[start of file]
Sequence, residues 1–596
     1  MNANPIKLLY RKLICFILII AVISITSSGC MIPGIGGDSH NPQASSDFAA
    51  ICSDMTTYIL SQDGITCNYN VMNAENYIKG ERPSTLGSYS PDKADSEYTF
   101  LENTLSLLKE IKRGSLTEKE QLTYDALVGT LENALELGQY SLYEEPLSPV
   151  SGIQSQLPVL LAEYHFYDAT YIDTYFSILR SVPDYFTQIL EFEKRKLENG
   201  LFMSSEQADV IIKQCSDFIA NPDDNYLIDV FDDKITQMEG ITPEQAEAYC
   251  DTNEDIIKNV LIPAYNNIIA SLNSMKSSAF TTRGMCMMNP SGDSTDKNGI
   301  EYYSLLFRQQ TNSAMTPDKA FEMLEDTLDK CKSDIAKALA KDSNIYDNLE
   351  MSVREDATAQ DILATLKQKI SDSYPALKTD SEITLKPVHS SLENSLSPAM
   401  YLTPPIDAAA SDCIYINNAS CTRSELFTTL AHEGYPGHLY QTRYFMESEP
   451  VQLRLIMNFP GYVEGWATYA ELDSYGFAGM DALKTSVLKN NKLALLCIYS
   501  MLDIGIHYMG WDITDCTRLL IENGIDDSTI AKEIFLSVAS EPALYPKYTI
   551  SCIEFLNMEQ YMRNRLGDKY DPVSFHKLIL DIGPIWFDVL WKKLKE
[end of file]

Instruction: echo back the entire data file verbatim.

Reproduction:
Sequence, residues 1–596
     1  MNANPIKLLY RKLICFILII AVISITSSGC MIPGIGGDSH NPQASSDFAA
    51  ICSDMTTYIL SQDGITCNYN VMNAENYIKG ERPSTLGSYS PDKADSEYTF
   101  LENTLSLLKE IKRGSLTEKE QLTYDALVGT LENALELGQY SLYEEPLSPV
   151  SGIQSQLPVL LAEYHFYDAT YIDTYFSILR SVPDYFTQIL EFEKRKLENG
   201  LFMSSEQADV IIKQCSDFIA NPDDNYLIDV FDDKITQMEG ITPEQAEAYC
   251  DTNEDIIKNV LIPAYNNIIA SLNSMKSSAF TTRGMCMMNP SGDSTDKNGI
   301  EYYSLLFRQQ TNSAMTPDKA FEMLEDTLDK CKSDIAKALA KDSNIYDNLE
   351  MSVREDATAQ DILATLKQKI SDSYPALKTD SEITLKPVHS SLENSLSPAM
   401  YLTPPIDAAA SDCIYINNAS CTRSELFTTL AHEGYPGHLY QTRYFMESEP
   451  VQLRLIMNFP GYVEGWATYA ELDSYGFAGM DALKTSVLKN NKLALLCIYS
   501  MLDIGIHYMG WDITDCTRLL IENGIDDSTI AKEIFLSVAS EPALYPKYTI
   551  SCIEFLNMEQ YMRNRLGDKY DPVSFHKLIL DIGPIWFDVL WKKLKE